Craptivity is a descriptive term, used by some in the early learning profession, to describe activities, (often craft projects) that:
- Focus more on the appearance of the finished product than on the activity’s process
- Are more teacher-focused than child-focused,
- Are of questionable developmental appropriateness
- Fail to meet Gray’s Conditions of Play
Craptivities often involve a lot of teacher prep time (cutting out pieces, organizing materials), don’t involve much freedom of expression from the children, and are often intended to offer parents a Cute Thing to take home and hang on the refrigerator or send to Grandpa.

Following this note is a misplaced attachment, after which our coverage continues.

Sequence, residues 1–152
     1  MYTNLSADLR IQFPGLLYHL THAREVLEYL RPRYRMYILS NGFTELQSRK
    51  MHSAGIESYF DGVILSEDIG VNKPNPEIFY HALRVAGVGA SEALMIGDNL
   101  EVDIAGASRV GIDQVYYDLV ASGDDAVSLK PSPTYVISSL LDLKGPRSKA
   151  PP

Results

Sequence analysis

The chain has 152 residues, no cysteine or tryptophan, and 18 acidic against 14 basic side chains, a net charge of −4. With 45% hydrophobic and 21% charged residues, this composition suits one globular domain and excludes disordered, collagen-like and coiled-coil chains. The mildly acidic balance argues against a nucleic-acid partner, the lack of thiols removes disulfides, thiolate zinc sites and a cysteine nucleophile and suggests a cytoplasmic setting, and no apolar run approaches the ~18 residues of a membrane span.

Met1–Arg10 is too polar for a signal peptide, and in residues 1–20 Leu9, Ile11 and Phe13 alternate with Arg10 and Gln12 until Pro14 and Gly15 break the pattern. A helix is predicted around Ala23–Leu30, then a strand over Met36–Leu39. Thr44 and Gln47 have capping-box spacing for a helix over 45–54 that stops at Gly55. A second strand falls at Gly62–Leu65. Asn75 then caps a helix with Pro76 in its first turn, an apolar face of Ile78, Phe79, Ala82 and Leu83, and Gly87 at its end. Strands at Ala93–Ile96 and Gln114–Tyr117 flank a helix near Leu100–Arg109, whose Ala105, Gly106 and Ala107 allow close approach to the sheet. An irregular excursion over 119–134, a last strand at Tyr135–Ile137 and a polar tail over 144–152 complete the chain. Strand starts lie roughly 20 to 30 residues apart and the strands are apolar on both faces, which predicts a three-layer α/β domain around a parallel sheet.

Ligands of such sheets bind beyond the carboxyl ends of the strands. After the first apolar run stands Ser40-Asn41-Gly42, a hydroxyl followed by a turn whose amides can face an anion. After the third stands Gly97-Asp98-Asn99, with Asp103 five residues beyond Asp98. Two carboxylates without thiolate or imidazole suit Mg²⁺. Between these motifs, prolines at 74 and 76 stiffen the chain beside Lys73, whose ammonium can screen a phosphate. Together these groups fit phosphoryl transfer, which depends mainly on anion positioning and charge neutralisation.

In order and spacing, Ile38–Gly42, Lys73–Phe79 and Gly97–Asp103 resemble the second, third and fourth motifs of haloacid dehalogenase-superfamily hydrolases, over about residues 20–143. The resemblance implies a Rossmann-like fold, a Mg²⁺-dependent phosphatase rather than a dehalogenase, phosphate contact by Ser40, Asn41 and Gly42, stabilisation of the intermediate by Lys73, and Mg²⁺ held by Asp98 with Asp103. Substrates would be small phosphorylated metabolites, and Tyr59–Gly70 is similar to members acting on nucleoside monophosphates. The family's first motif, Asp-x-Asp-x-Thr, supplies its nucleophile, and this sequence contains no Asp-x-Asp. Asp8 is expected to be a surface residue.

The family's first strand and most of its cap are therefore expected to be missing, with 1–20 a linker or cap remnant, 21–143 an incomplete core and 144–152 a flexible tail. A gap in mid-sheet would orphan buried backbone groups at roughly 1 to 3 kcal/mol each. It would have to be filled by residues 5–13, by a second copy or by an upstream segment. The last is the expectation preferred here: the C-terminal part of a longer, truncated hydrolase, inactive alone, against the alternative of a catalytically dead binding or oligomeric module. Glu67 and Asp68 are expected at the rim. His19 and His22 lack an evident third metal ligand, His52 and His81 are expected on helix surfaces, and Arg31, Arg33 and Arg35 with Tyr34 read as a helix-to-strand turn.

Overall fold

Defenders of craptivities assert that such projects help children learn to follow directions, self-regulate, hone small muscle skills, and more. There’s some truth to this, but play advocates would argue that those skills are better learned in child initiated activities where the children have more control and ownership of the process.
Usage: “Miss Brittney spent the morning cutting circles for another craptivity she found on Pinterest today instead of helping with sensory play.”
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